Tell me what you do (in a minute or less)!

So tell me, what do you do?

When customers and prospects visit your website, Facebook or other digital properties, do they see a memorable message about  your business and how it helps people or other businesses? In an elevator or at a cocktail party would someone understand your business value proposition in a minute or less?

If “NO” is the answer to both questions, you should consider creating or simplifying your business message or starting from scratch with a message framework.

It sounds easier than it is. Creating one short soundbite explaining what you do and why it matters to your target audience takes time, perspective and a willingness to dig beyond your mission statement and product/service description.

It also requires a kind of objectivity that’s difficult to practice when your business is your baby. The message development process can take hours, days or weeks, depending on your own and your customers’ experiences. My approach is to take it in baby steps; the first three are fact-finding steps.

  • Know Your Audience — pinpoint their problem, and consider all the ways that problem keeps them worried or makes them lose sleep.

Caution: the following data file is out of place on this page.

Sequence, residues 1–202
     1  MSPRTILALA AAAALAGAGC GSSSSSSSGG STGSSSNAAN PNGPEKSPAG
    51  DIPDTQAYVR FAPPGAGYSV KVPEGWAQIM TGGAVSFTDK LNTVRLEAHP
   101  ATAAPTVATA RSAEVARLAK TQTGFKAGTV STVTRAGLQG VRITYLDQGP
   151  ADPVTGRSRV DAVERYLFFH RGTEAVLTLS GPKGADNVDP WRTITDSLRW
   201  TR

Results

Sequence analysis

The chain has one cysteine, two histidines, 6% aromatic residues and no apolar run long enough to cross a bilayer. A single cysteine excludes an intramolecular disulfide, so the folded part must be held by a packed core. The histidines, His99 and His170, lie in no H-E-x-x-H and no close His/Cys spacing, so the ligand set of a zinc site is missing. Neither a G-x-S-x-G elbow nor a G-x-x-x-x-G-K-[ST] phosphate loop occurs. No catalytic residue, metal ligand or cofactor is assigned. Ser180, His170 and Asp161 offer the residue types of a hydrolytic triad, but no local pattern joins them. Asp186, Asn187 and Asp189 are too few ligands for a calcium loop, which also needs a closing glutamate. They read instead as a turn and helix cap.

• List all the ways your product/service solves that problem. If you have a long list, put the top three in priority.
  • Describe the most important features that you offer a customer and how those features specifically address that problem.

The final fourth step has more to do with your customer’s feelings or emotions. We all establish personal connections to a business. I choose a neighborhood printer versus going online for my letterhead and business cards because the manager of the Minute Man Press in my town makes me feel important. As a small business owner, that’s a good feeling and one that will keep me coming back.

So once you’ve done all your fact-finding in steps 1, 2 and 3, consider the emotional response from your client when you do business with him/her? Does he feel more secure? Trusting? Smart that he’s spending his money wisely? Protected because you’re watching out for her business?

Navigating this process requires your own review of how you’ve helped customers and the anecdotes they’ve shared about how you made a difference. It’s also best to conduct this messaging process with the help of a third party, someone who can be objective, who doesn’t live and breathe your business, and who can provide a different perspective of your business and your audience. The anecdotes you gather become the supporting points that bolster your message. These “proof points” also serve as conversation-extenders, since prospects want to hear about other customer experiences for a better understanding of how you’ll help them.

So let’s get a conversation started — What do you do?

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